In July 1882, Paris, Edgar Degas sold the paintwork to Durand-Ruel, at Fr 2000
In Oct 1882, Paris, Durand-Ruel sold it Mme Angelo, at Fr 4000
In 1886, Paris, Mme Angelo sold it to Alexander Reid, at £800
In Jan, 1892, Glasgow and London, Alexander Reid sold it to Thomas Glen Arthur.
In May, 1895, Paris, Thomas Glen Arthur sold it Durand-Ruel, at at Fr 15000
In 12th Jan, 1899, Paris, Durand-Ruel sold it Durand-Ruel New York, at 50000
In 24th Jan, 1899, New York, it was sold to Mr. and Mrs. H. O. Havemeyer.
As seen from the provenance above, the paintwork commodity was soldto various people and travelled across various cities, and at thesame time increasing in its price. The art market history involvesauctions as seen above.23
The exhibition history also involves different places as shownbelow:-
Paris. 1 Rue Laffitte. "8me exposition de peinture [8th Impressionist exhibition]," May 15–June 15, 1886, no. 14 (as "Femme essayant un chapeau chez sa modiste," lent by Mme A.).
London. Mr. Collie`s Rooms. "A Small Collection of Pictures by Degas and Others," December 18, 1891–January 8, 1892, no. 19 (as "Chez la modiste").Glasgow Institute of the Fine Arts. "Thirty-First Exhibition of Works of Modern Artists," February 2–March 1892, no. 562 (as "Chez la Modiste," lent by T. G. Arthur, Esq.).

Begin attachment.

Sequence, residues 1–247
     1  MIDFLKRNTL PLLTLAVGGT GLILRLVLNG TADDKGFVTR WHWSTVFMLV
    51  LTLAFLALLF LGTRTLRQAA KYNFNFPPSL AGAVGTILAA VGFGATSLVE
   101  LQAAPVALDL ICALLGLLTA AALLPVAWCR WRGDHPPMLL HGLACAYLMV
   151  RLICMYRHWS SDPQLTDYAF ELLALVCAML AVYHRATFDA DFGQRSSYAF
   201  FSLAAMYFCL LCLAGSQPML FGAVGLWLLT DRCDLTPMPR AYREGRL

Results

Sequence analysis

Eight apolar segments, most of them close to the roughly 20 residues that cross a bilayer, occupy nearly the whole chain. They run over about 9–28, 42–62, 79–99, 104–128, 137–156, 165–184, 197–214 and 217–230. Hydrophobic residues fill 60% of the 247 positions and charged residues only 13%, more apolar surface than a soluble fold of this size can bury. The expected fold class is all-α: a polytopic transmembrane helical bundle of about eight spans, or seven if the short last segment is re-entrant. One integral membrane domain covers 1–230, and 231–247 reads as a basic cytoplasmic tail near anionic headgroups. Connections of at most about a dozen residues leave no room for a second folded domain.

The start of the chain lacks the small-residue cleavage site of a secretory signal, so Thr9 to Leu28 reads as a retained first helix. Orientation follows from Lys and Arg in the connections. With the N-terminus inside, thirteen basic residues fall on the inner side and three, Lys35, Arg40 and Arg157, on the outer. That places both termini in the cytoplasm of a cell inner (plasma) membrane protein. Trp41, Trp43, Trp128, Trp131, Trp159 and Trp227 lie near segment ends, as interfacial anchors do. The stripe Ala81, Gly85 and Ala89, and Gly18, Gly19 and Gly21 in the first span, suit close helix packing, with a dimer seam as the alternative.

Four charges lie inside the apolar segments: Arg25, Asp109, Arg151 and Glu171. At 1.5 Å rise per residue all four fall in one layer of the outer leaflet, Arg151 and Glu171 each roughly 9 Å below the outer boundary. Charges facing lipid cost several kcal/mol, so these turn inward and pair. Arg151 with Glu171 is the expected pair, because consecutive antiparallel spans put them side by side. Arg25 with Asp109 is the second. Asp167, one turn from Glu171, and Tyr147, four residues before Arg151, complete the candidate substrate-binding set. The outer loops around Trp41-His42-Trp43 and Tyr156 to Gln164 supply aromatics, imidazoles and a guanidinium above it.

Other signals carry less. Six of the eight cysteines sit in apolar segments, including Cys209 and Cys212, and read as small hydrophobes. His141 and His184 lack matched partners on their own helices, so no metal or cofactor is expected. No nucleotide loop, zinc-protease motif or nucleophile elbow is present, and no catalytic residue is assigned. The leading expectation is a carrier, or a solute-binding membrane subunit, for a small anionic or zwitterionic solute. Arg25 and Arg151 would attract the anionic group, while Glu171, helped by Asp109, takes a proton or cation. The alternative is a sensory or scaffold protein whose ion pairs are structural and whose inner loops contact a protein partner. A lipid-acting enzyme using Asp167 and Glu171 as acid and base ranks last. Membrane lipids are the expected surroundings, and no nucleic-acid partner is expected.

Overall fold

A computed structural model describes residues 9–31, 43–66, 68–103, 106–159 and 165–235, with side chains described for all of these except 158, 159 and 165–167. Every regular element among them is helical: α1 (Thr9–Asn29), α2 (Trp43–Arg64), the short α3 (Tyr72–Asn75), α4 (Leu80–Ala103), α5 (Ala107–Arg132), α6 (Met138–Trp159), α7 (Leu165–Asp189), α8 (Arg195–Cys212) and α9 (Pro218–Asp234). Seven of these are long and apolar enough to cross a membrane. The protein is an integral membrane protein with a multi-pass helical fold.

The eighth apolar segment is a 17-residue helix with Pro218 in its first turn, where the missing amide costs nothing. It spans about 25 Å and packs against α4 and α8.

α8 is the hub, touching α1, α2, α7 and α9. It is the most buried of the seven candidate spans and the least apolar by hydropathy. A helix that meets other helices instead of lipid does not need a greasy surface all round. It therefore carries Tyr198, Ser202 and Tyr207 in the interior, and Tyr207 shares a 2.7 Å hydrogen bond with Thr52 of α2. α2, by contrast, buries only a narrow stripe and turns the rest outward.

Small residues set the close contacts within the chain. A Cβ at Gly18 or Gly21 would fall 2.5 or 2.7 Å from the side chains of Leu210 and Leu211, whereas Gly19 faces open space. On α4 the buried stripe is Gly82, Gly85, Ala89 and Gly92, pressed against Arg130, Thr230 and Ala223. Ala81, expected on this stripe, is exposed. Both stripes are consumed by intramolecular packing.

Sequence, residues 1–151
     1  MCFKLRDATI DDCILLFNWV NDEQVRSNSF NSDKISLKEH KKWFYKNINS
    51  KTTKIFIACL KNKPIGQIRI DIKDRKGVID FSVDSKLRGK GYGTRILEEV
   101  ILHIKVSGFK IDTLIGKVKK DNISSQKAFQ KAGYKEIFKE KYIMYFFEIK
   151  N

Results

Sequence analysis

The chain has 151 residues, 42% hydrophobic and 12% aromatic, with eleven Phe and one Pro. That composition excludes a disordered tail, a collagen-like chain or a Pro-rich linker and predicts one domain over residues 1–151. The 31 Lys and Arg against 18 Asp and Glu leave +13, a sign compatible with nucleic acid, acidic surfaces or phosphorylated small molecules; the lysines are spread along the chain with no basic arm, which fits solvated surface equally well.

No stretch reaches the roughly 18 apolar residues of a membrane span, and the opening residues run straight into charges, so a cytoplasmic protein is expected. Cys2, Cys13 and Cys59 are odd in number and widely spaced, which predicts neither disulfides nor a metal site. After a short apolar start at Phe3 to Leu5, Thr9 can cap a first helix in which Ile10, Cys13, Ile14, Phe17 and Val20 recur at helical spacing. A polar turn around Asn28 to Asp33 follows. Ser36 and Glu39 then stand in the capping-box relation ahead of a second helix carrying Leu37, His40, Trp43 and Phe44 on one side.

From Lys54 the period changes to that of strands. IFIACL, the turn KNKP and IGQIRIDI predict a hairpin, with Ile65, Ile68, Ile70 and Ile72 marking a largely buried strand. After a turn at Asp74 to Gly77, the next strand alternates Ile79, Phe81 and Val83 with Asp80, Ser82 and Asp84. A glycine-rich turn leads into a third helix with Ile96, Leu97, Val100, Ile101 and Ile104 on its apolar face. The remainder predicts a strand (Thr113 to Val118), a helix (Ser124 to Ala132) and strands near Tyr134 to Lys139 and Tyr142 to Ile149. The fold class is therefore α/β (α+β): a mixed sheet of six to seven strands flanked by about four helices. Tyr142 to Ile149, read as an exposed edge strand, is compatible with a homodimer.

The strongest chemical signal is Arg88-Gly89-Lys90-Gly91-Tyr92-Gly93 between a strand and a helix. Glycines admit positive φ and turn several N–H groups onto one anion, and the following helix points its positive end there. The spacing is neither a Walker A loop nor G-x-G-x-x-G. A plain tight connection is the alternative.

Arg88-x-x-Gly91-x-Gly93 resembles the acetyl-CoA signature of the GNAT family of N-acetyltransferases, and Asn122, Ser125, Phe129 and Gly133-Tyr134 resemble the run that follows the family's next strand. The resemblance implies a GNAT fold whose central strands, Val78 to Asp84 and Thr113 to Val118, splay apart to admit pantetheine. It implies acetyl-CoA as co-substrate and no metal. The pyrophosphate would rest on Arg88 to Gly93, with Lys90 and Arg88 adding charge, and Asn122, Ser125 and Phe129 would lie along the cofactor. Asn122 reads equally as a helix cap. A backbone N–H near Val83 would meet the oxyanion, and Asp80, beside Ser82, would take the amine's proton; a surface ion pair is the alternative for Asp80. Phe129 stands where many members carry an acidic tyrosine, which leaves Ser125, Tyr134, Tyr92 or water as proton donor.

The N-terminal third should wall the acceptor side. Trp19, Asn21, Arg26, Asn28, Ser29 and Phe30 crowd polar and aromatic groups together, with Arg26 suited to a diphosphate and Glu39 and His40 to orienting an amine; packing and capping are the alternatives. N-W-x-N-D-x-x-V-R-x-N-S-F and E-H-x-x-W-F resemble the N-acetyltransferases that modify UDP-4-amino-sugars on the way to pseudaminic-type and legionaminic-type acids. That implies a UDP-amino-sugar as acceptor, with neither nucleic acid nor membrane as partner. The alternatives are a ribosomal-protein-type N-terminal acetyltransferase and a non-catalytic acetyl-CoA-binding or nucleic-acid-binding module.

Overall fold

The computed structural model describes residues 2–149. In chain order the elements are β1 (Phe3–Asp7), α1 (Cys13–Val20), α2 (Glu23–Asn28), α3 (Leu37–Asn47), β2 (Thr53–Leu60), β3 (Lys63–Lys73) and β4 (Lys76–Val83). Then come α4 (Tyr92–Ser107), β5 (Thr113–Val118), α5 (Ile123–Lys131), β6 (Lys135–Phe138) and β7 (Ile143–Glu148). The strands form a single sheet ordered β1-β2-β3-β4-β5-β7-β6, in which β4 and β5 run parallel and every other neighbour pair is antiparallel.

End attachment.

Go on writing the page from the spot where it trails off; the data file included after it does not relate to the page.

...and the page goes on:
New York. The Metropolitan Museum of Art. "The H. O. Havemeyer Collection," March 10–November 2, 1930, no. 145 [2nd ed., 1958, no. 116].
New York. Wildenstein. "A Loan Exhibition of Degas," April 7–May 14, 1949, no. 60.
New York. The Metropolitan Museum of Art. "Impressionism: A Centenary Exhibition," December 12, 1974–February 10, 1975, not in catalogue.
New York. The Metropolitan Museum of Art. "Degas in the Metropolitan," February 26–September 4, 1977, no. 34 (of works on paper).
New York. The Metropolitan Museum of Art. "Degas," September 27, 1988–January 8, 1989, no. 232.
New York. The Metropolitan Museum of Art. "Splendid Legacy: The Havemeyer Collection," March 27–June 20, 1993, no. A236.
New York. The Metropolitan Museum of Art. "Impressionism, Fashion, and Modernity," February 26–May 7, 2013, no. 101.
The exhibition history also caters for the entrepreneurship aspect ofthe commodity, because it is clearly seen that painting has travelledacross many cities and being sold at different prices.
ARTHISTORYOFTHEDAY. Womanin Black at the Opera, 1879 (Mary Cassatt). Accessed January 8th,2016.https://arthistoryoftheday.wordpress.com/2011/09/04/mary-Cassattt-woman-in-black-at-the-opera-1879/
Art Institute Chicago. . Berthe Morisot, Woman at her Toilette (Jeunefille de dos à sa toilett). Accessed January 8th, 2016.http://www.artic.edu/aic/collections/artwork/11723/print
Burke Chagnon. “History of the Art Market.”
Christie`s Education. (Fall 2015).
Chrisman-Campbell, Kimberly. "Review." Woman`s Art Journal30, no. 2 (2009): 37-42.
Hahn. H-Hazel. Scenes of Parisian Modernity: Culture and Consumptionin the
Nineteenth Century Journal. (2009)
Iskin, Ruth E. Modern Women and Parisian Consumer Culture inImpressionist Painting. Cambridge: Cambridge University Press.(2007).